Stuart Ian Graham is a graduate student in the University of Washington’s Biology program who recently published a paper with Senior Data Science Fellow and eScience Institute Research Scientist Ariel Rokem, along with others from the University of Washington, Université de Montpellier, and University of California Los Angeles. The paper, published in the Forests journal and titled “Regularized Regression: A New Tool for Investigating and Predicting Tree Growth,” initially grew from a 2019 Winter Incubator project at eScience, which paired Graham and Rokem together to utilize data science to explore how neighboring tree species can influence one another’s growth rates in Mt. Rainier National Park in Washington State.
Continue reading “Data Science Student Profiles: Stefan de Villiers”
The University of Washington hosted the Data Science Minor Showcase several weeks ago, an event for undergraduates to explore the curriculum offered as part of the Data Science Minor program that was launched in Fall 2020. The showcase featured UW faculty outlining the new courses they have developed for the Minor, personal experiences from students who are currently enrolled in the minor, as well as smaller breakout sessions for participants to learn more about possible pathways towards data science from their areas of interest. One of the students who shared their experience with the Data Science Minor program was Stefan de Villiers, a UW senior who is majoring in Economics in addition to minoring in both Data Science and Mathematics.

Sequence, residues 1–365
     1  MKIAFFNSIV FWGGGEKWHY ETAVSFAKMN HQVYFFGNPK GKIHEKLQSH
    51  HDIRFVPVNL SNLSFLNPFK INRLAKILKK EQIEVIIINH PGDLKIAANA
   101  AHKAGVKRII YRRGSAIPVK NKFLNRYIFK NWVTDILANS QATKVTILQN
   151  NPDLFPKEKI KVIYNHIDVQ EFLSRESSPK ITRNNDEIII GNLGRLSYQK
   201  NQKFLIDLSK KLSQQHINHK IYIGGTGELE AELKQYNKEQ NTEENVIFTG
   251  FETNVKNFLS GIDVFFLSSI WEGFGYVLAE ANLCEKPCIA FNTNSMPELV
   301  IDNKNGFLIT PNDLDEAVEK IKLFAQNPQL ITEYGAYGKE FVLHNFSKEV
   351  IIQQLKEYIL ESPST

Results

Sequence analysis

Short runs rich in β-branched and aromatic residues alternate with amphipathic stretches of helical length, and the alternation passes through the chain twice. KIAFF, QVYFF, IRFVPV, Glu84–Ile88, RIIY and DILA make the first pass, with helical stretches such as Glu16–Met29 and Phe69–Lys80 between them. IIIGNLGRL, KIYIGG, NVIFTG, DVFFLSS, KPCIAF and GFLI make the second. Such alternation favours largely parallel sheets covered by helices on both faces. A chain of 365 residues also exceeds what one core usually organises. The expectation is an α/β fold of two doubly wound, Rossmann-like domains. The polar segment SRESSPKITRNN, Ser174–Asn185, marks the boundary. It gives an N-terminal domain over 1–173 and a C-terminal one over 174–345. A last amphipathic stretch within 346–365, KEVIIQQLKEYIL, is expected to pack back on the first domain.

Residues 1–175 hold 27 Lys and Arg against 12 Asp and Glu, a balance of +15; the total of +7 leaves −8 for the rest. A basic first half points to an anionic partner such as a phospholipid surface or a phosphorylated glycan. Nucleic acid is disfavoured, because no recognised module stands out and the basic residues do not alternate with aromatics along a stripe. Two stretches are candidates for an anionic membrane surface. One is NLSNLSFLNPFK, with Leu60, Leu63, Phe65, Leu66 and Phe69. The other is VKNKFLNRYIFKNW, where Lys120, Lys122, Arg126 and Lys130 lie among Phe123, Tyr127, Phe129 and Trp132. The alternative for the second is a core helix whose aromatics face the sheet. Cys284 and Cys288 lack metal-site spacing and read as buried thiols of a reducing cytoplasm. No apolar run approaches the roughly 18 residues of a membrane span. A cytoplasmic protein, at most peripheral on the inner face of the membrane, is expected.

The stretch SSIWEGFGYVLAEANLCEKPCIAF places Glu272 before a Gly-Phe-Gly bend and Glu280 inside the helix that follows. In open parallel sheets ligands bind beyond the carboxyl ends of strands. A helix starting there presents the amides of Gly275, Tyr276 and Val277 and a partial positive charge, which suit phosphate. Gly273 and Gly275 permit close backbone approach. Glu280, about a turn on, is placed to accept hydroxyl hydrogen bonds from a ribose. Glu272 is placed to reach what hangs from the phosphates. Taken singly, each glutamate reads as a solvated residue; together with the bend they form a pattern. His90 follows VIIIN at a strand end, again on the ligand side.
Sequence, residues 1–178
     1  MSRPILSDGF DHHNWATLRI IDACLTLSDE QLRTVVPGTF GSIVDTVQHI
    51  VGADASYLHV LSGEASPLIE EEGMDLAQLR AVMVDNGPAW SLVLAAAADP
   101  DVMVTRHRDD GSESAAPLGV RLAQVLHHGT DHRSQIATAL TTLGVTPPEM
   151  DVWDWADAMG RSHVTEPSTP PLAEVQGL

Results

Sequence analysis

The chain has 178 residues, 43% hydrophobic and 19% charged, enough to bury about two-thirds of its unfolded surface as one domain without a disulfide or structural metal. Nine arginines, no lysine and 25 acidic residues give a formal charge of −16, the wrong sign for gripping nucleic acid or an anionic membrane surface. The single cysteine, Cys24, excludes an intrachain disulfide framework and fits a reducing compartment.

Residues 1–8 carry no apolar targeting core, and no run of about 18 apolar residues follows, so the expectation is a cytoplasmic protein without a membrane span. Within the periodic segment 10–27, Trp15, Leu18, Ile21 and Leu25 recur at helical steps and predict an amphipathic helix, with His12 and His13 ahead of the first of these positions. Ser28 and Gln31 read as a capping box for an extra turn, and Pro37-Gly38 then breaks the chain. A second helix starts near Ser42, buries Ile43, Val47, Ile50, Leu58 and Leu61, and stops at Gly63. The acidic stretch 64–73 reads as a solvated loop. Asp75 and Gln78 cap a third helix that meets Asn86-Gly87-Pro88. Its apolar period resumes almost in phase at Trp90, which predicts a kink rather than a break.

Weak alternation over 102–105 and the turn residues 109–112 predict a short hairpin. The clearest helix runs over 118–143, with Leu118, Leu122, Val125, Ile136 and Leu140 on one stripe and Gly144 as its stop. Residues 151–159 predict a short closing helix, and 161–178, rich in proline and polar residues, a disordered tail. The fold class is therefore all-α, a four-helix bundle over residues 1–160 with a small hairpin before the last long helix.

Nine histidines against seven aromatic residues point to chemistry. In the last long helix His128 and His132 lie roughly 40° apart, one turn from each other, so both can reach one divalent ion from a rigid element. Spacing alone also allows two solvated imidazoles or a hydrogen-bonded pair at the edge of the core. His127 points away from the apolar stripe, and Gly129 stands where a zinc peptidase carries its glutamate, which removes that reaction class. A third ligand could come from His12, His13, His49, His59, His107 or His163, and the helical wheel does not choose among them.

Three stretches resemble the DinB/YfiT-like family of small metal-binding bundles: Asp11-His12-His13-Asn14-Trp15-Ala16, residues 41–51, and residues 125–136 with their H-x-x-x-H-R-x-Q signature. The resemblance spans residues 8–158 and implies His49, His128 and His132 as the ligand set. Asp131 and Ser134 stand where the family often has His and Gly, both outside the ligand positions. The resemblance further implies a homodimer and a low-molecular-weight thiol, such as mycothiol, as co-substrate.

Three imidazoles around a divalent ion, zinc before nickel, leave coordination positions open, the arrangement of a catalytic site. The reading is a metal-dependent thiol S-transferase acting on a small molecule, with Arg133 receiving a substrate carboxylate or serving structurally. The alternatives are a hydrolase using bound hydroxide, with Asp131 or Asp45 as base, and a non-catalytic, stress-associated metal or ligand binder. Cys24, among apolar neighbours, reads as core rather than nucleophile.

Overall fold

The University of Washington’s Data Science Minor brings data science to a wide range of undergraduates within and beyond the STEM fields. 186 students are currently enrolled in the new minor, representing 54 areas of study at the university. UW undergrads interested in gaining literacy in data science methods and understanding their implications for society should look into adding a Data Science Minor to their studies. Ben Marwick, Senior Data Science Fellow and Director of the Data Science minor, described how the program will balance data skills and studies: “The goal is to combine the technical skills that relate to the new developments of generating and analyzing large amounts of data, then give students the context and the critical thinking skills to do something meaningful with that.”
Continue reading “Data Science Student Profiles: Bonnie Du”